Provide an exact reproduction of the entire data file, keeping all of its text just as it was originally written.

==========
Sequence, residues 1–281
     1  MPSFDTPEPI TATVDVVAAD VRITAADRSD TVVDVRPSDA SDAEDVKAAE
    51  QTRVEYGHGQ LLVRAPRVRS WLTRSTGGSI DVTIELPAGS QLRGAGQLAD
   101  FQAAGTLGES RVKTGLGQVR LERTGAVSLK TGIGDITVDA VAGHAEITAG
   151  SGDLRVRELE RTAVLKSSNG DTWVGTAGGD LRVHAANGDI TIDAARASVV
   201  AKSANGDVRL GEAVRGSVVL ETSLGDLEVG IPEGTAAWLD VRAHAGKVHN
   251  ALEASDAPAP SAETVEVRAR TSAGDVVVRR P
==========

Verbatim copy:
Sequence, residues 1–281
     1  MPSFDTPEPI TATVDVVAAD VRITAADRSD TVVDVRPSDA SDAEDVKAAE
    51  QTRVEYGHGQ LLVRAPRVRS WLTRSTGGSI DVTIELPAGS QLRGAGQLAD
   101  FQAAGTLGES RVKTGLGQVR LERTGAVSLK TGIGDITVDA VAGHAEITAG
   151  SGDLRVRELE RTAVLKSSNG DTWVGTAGGD LRVHAANGDI TIDAARASVV
   201  AKSANGDVRL GEAVRGSVVL ETSLGDLEVG IPEGTAAWLD VRAHAGKVHN
   251  ALEASDAPAP SAETVEVRAR TSAGDVVVRR P